by Cynthia Chow
Details on how to enter to win a copy of Spirit of Steamboat at the end of this review.
“Will you decide what men shall live, what men shall die? It may be that I the sight of Heaven, you are more worthless…[than]…this poor…child…” A Christmas Carol
Sheriff Walt Longmire is having a rather lonely Christmas Eve in Absaroka County, as his very pregnant daughter, Cady, is grounded in Philadelphia while his girlfriend/significant other, Undersheriff Victoria Moretti, is spending the holiday with her mother in Belize. So Walt is “bacheloring it up” in his office doing his annual holiday reading of A Christmas Carol when he receives an unexpected visitor in the form of an Asian young woman. Evasive about her identity, the woman asks to see the former sheriff and when told that Lucian Connally is not available, requests to see a picture of him before stating that she needs to return something of his.
While Walt’s curiosity is awakened his threat level is not, so he takes the woman to the Durant home for Assisted Living where Lucian resides and is the cause of television replacements through his habit of shooting Fox News broadcasts. It is only then that the woman utters the word that brings back memories for both Walt and Lucian: “Steamboat.”
On Christmas Eve, 1988, new sheriff Walt Longmire is reading his copy of A Christmas Carol during the Storm of the Century, when he is confronted with the emergency situation of the lone survivor of a car accident needing media transportation to the Children’s Hospital in Denver. With burns over fifteen percent of her body, the child desperately needs medical treatment and when faced with the pleas of her Japanese grandmother–who just lost her sister, son-in-law and daughter in the crash–Walt is forced into a last resort situation. The only plane suitable and available to fly is Steamboat, a VB-25J bomber from World War II that leaks fuel, but could survive the high winds that would down the medivac helicopters. The only pilot who could possibly fly it and who once did during WWII–Lucian Connally, the one-legged former sheriff and not quite sober player of Eusakadi Bar’s poker night.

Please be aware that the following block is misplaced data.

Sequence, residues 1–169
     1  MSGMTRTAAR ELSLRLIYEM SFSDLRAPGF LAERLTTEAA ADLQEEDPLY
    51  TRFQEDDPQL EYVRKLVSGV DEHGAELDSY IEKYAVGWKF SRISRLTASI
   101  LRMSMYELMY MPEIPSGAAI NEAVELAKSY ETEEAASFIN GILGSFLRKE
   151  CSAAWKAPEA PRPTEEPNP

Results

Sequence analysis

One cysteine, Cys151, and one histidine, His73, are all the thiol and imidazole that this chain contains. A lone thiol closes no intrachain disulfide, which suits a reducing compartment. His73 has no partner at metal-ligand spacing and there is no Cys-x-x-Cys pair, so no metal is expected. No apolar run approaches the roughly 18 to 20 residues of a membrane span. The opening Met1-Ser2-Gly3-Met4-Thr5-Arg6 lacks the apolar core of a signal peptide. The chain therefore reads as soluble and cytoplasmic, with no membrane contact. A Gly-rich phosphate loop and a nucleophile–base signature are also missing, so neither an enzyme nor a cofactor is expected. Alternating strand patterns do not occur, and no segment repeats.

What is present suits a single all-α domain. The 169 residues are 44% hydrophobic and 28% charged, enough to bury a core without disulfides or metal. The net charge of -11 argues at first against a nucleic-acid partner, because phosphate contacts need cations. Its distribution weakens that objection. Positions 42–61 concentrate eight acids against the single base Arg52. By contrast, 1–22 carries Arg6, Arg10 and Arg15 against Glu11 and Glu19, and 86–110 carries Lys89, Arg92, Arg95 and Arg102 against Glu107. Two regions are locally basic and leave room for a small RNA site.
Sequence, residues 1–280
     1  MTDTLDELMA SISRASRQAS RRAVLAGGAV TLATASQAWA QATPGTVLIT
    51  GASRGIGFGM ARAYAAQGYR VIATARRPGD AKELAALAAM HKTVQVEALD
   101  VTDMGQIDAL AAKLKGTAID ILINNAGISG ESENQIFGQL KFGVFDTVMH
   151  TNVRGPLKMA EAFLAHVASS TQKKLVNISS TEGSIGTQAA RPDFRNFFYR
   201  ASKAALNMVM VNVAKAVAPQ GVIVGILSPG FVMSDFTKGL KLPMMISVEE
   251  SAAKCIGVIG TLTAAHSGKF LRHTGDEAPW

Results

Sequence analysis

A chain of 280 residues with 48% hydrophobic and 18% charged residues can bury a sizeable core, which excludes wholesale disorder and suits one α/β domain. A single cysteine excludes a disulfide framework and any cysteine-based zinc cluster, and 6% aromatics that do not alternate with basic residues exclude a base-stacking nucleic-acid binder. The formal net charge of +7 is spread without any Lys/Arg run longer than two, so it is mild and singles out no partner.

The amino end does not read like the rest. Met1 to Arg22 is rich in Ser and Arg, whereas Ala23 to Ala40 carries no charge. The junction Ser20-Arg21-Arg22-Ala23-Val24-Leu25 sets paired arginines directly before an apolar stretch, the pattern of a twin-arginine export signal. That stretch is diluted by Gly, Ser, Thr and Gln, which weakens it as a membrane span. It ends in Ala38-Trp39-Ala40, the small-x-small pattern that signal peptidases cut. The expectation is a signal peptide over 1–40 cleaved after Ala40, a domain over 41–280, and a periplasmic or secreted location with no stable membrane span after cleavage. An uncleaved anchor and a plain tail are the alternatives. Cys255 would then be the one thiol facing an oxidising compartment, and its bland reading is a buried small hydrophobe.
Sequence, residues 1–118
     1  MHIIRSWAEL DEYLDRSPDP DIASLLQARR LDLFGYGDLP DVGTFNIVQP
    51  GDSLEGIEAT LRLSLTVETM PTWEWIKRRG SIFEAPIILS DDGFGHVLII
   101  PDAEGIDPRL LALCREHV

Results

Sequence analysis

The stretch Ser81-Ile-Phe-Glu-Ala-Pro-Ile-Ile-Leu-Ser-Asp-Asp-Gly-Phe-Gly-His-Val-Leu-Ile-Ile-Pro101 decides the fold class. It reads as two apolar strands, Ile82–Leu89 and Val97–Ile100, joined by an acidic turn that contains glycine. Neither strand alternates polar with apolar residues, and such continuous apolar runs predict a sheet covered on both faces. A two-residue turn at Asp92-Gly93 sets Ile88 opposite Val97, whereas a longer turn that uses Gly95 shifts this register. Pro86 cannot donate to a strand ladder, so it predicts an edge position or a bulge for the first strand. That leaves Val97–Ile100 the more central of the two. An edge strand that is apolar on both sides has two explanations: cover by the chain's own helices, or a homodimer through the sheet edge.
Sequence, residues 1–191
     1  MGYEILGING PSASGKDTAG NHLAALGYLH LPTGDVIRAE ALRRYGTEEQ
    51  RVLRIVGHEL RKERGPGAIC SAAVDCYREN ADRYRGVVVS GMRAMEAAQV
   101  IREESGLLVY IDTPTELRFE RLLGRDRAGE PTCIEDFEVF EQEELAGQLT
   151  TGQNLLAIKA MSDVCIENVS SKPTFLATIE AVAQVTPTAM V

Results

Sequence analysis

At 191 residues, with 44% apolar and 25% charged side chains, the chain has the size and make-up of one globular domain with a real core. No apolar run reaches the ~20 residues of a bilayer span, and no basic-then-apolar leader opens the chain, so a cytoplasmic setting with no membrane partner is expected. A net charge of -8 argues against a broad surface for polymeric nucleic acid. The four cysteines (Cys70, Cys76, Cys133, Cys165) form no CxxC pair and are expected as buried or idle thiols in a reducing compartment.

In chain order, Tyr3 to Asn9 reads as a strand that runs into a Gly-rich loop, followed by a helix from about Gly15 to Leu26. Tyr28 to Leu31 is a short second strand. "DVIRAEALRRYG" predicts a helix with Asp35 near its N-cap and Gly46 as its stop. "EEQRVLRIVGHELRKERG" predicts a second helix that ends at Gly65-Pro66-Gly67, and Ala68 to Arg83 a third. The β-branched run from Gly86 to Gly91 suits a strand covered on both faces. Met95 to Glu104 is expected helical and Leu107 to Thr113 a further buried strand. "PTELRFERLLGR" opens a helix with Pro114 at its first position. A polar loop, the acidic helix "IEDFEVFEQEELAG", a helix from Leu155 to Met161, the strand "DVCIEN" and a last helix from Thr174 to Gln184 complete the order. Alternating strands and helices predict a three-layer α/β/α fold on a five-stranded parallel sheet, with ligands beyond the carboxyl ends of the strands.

Along with a doctor and co-pilot, Julie Luehrman (whom Lucian insists in referring to as “Toots), the four take their patients through what will be a harrowing flight to not only navigate an outdated but steadfast plane through deadly conditions, but also to keep their tiny charge alive as her medical condition spirals. An iceberg on the runway, low fuel and the failing health of the child all require a true Christmas miracle for them to survive. One can also not overlook the irony–and perhaps redemption–of a bomber once used to attack Japan now becoming a savior for its two Japanese passengers.
Walt’s relationship with Lucian Connally, the former sheriff whom Walt replaced, is complicated to say the least. Sexist, racist and a law enforcement officer from a time when civil liberties were only a suggestion and interrogations backed by a fist, Lucian is from another era. However, Walt has always had a loyalty to his former superior officer and an undeniable respect for Lucian’s accomplishments and moral code.
In this novella, which the author claims began as a short story but slowly grew into a longer story of action and adventure, Johnson explores the history of World War II aircraft and the challenges their pilots faced. The suspense level is kept high, as Johnson’s trademark banter and quick dialogue entertains through this quick and enjoyable read. Although Vic’s profanity and Henry Standing Bear’s deadpan humor are noticeable for their absence, the relationship between Walt and Lucian, and the fascinating details of the Steamboat ensure that readers will not be disappointed. The passengers of Steamboat are all willing to sacrifice themselves when faced with the question of what they are willing to do and what they would be able to live with if they did not.
Although Walt may make A Christmas Carol his annual read, fans of Craig Johnson and the Longmire Television series based on his books, will now have a new favorite to enjoy during the holidays.
To enter to win a copy of Spirit of Steamboat, simply email KRL at krlcontests@gmail[dot]com by replacing the [dot] with a period, and with the subject line “Steamboat,” or comment on this article. A winner will be chosen October 26, 2013. U.S. residents only.
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